29 September 2014

Hatch Year Franklin's: Carlyle, Illinois

We had at least 3 first cycle Franklin's Gulls following our boat on Saturday, 27 September 2014, on Carlyle Lake in southwest Illinois:

Note how the black tail band does not typically extend to the outer rectrices.

This species is very reliable at Carlyle in the Fall, and I'm beginning to get the feeling that hatch year birds are more common here than adults. For the last 4 years, every Franklin's I've seen on the lake has been a hatch year. Perhaps the adults don't partake in following boats and competing for "bread" and "popcorn"?? In general though, I think the majority of the adult population tends to keep west of the Mighty Mississipi River while on their southbound migration...







25 September 2014

First Cycle California Gulls

Below is a collection of 1st cycle California Gulls photographed in Half Moon Bay, California in mid-September. All are hatch year birds - some still in complete juvenile plumage while others showing early 1st alternate scapulars. Subspecies unknown.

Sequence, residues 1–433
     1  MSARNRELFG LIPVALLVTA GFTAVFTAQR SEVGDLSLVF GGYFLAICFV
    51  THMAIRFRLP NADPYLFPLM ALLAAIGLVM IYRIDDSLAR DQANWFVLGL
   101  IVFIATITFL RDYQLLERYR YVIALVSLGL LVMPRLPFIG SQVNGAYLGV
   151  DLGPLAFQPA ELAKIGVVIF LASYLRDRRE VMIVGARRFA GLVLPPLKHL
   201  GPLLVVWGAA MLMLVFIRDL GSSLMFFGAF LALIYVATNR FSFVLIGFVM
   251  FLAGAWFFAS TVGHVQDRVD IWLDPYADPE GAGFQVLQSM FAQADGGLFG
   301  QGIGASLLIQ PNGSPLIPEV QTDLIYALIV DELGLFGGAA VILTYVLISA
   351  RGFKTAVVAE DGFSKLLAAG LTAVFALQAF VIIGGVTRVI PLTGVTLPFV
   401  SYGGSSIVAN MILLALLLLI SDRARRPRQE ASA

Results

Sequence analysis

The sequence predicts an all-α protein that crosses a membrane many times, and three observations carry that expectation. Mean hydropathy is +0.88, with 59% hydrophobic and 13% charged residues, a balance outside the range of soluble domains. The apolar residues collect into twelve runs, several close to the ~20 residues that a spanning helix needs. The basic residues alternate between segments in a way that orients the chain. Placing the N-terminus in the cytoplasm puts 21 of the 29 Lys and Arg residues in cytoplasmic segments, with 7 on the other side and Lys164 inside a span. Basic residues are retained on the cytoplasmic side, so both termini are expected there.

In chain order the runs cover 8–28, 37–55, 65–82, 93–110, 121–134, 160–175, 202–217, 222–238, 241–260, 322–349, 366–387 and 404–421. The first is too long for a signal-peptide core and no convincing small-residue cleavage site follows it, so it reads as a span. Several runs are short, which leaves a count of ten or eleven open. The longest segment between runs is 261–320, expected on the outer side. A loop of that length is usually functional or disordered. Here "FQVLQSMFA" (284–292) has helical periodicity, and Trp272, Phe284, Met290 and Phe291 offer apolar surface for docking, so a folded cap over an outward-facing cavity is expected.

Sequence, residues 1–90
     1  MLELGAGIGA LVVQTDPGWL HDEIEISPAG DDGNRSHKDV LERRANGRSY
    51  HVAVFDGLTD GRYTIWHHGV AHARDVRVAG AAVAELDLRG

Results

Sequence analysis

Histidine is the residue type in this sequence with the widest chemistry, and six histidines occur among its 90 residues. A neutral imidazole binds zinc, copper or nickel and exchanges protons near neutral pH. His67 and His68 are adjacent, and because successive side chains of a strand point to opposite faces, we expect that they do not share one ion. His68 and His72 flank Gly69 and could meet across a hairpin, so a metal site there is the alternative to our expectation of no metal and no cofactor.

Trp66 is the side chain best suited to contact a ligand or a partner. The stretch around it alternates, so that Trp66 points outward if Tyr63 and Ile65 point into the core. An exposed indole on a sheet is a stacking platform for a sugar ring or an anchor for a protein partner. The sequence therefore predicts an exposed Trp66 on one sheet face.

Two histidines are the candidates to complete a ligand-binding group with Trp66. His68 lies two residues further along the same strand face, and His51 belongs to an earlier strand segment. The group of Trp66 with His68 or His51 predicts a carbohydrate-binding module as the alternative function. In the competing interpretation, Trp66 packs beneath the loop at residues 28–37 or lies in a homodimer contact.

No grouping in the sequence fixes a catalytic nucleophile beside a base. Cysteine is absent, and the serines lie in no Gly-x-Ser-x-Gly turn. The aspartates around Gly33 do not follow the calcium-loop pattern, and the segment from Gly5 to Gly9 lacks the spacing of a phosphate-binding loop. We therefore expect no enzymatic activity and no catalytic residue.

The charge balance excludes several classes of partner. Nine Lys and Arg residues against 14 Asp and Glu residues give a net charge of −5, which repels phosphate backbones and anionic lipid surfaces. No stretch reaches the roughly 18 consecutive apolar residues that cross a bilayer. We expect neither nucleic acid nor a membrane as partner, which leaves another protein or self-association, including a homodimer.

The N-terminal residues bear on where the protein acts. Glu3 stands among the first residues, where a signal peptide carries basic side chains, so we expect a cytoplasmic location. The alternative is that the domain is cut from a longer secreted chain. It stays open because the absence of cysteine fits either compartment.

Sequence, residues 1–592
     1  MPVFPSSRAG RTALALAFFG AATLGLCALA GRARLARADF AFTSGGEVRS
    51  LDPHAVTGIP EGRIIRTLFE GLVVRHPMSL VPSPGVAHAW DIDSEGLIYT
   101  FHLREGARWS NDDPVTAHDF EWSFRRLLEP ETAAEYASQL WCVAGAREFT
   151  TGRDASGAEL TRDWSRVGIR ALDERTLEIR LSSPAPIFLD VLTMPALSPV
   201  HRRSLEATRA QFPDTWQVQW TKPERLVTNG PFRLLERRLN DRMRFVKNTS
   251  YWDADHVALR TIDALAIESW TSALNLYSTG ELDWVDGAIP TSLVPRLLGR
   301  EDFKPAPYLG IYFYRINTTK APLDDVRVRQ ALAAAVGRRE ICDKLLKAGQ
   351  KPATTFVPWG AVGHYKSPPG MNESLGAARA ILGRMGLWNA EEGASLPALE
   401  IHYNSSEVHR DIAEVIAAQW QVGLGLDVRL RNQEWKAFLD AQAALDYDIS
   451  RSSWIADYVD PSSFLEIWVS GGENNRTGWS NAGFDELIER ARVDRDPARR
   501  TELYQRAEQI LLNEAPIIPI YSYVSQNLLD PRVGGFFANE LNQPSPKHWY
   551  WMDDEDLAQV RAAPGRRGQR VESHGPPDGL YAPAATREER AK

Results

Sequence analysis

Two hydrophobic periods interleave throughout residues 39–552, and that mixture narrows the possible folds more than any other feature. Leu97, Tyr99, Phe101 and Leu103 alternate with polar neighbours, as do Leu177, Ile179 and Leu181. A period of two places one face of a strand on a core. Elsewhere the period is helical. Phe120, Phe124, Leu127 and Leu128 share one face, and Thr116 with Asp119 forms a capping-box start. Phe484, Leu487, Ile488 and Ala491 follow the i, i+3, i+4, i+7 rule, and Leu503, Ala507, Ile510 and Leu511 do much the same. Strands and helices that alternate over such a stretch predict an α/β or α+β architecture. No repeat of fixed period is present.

(1) All juvenile scapulars, a few showing a holy-leaf pattern (a pattern that's been associated with Herrings). The mostly black bill is shown by a minority of birds in mid-September. Band information to follow.


(2) Still entirely juvenile. White forehead. Bill pattern with a mixture of black not uncommon for mid-Sept.


(3) "Cinnamon" type. Pale underparts and chest partially due to bleaching but also plumage variation. Post-ocular line.


(4) Cinnamon type still fully juvenile. Note the characteristic white forehead commonly shown by this age class.


(5) Similar to the individual above, but more black in the bill and some smoky gray 1st alternate scapulars.


(6) Smaller bird showing the famous decurved gape. Large, plain juvenile scapulars.
Size variation is difficult to appreciate in photos, but what is obvious from these images is the immense variation in upperpart patterns and coloration.

(7) A bigger and darker Herring-sized bird. A few dark gray alternate scapulars mixed in. Note the long-winged look.